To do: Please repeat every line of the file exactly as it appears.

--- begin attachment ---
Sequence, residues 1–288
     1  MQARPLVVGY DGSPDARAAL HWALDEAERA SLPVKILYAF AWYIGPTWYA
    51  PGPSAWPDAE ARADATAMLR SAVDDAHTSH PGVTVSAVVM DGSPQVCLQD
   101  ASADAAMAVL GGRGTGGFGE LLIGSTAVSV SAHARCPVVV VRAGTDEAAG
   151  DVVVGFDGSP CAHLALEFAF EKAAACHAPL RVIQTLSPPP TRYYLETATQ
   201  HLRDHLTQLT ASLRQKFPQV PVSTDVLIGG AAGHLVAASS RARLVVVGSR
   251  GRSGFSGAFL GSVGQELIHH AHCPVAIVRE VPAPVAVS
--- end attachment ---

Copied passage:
Sequence, residues 1–288
     1  MQARPLVVGY DGSPDARAAL HWALDEAERA SLPVKILYAF AWYIGPTWYA
    51  PGPSAWPDAE ARADATAMLR SAVDDAHTSH PGVTVSAVVM DGSPQVCLQD
   101  ASADAAMAVL GGRGTGGFGE LLIGSTAVSV SAHARCPVVV VRAGTDEAAG
   151  DVVVGFDGSP CAHLALEFAF EKAAACHAPL RVIQTLSPPP TRYYLETATQ
   201  HLRDHLTQLT ASLRQKFPQV PVSTDVLIGG AAGHLVAASS RARLVVVGSR
   251  GRSGFSGAFL GSVGQELIHH AHCPVAIVRE VPAPVAVS